I’m pretty comfortable with the way that I live my life. I am considerate and compassionate. I care about others. I have faults, tons of them, but I do my best to live my life in a way that I can be proud of and, most importantly, that my daughter can be proud of. And I carry those same “real life” values and principles with me into the online world. I don’t see it as a separate place where I can and should be someone other than who I am.
Many people do take on a different persona online, and I’m not talking about creating a character or an alter ego for the sake of humour or art. Some people just say and do things that they wouldn’t normally do. That’s not all bad, being online can give some people that little push to be brave, but sometimes it makes us see a side of people that we kind of wish we didn’t have to see.
I have a few simple rules that I live by online. They have helped me, both personally and professionally to feel confident that I don’t have any online skeletons in my closet that will come back to haunt me.
My Six Simple Rules To Live by Online
1. Don’t say anything to a person online that you wouldn’t say to her face
Anonymity can seem freeing. It gives you the opportunity to vent. To say what’s on your mind without fear that it will come back to haunt you.
Mediums that let you post anonymously have their place and their purpose. Used in a broad form they can be helpful. Sometimes it’s just easier to give feedback honestly if your name isn’t tied to the answers. Although be warned that anonymous doesn’t always protect you if you are out to sabotage someone (here’s a case in point.)
Bottom line – Think about what you are going to type. Would you walk up to that person and say it to his or her face? If not then walk away from the computer and move on.
2. Once you put it out there, it is forever.
What does your digital footprint say about you? Do you feel comfortable with how you represent yourself online? The truth is once you post something online you should assume that it is there, for the world to see, forever. Delete means little these days (another case in point). There are people ready and waiting to catch your rants, your mistakes, and immortalize them. It doesn’t matter if you are a blogger or otherwise engaged in social media as part of your career. More and more employers of all kinds are turning to the internet to see how you conduct yourself. Be careful out there.
3. Don’t share information that you don’t know to be true.
I live with the assumption that at least half of what I read online is not true. I think I’m being modest with that number. And it’s not just random people sharing misinformation. It often comes from sources that some people actually look to for legitimate facts.
I was on Twitter last week while I was waiting for a press conference, in the wee hours of the morning, to begin on the missing Malaysian airplane when I saw this:
So, here I was, actually waiting to hear the “official” news from, you know, actual officials, live from Malaysia, when this headline crossed my twitter feed. Intrigued I read the attached article. Which then prompted me to respond:
A few minutes later this happened:
Now the Huffington Post is not exactly known for cutting edge journalism or the actual dissemination of facts, but they are an online news source and I imagine that there are people out there that assume they have actually done some due diligence before they share “news”.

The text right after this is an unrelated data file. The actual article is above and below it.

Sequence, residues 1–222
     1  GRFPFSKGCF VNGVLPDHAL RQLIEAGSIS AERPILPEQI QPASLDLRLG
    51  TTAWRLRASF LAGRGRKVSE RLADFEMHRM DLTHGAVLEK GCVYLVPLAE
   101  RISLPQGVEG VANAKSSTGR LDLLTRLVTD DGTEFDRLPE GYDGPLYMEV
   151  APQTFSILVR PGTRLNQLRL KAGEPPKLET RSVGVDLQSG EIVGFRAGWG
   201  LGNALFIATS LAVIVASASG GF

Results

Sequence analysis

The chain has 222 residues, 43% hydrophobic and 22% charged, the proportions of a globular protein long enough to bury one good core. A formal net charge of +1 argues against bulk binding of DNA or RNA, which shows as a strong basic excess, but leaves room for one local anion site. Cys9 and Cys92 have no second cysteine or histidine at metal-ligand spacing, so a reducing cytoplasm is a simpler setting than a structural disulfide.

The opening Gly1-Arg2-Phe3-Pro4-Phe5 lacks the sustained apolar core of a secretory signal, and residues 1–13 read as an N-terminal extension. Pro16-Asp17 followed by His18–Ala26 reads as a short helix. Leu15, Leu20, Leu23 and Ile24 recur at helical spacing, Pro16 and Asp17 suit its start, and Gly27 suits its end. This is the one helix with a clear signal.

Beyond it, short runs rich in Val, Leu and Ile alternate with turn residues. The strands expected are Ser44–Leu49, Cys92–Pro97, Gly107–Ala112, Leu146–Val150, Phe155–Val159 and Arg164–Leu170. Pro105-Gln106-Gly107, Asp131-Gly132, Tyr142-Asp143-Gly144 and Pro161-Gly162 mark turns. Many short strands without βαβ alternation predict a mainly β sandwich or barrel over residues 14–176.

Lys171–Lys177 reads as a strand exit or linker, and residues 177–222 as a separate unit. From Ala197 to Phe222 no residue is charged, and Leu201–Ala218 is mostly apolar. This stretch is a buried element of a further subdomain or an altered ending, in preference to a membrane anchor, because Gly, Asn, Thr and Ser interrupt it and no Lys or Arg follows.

So, take what you read on the internet with a grain of salt. Don’t get sucked into spreading information that you aren’t reasonably confident is actual truth. And I’m not just talking about false “news”. You can truly hurt people, hurt their families and hurt their careers when you propagate information about them that you really don’t know to be true. Stop, think about what you are doing and who you might be hurting. Think about what would happen and how you would feel if stories or accusations were being passed on about you.
4. Don’t feed the trolls
This one can be tricky. You know the trolls. They are the ones just waiting to pounce on anything or anybody that they think might react, that might give them attention. They thrive on that attention. Let them starve. I know it can be hard. They can be rude and they can be hurtful. Try not to take it personally. They don’t know, nor do they care, about you. Trolls have this insatiable need to be recognized. Don’t give it to them. In most cases they eventually give up and move on.
5. Report abuse
When a troll is more than a troll, when things get truly personal and/or abusive it’s time to take some action. That’s not always easy or even possible but when it is do it! Don’t respond. Just report. I once had an internet bully (and bully is not a term I throw around so you know it’s serious). She would actually search the internet for my name and wherever she found it she would leave vicious comments. I spent considerable time following her, following me, reporting her comments to the admin of various websites and blogs. It was time consuming, it was hard to resist the urge to lash back, but in the end it was the best course of action.
6. Be yourself
Many, many years ago I tried my hand at online dating. I can recall communicating online with one particular fellow that I eventually agreed to meet for dinner. When I walked into the restaurant and realized he was 10 years older and 20 pounds heavier than the picture that he used on his online profile I was done. I didn’t care that he was older and heavier, I cared that he had misrepresented himself. In my opinion he lied. This was not the sort of person I was interested in dating.
Don’t misrepresent yourself online. These things have a way of catching up to you. Be honest, be yourself.
Do you have an online code of conduct that you adhere to? Any stories to share of what not to do?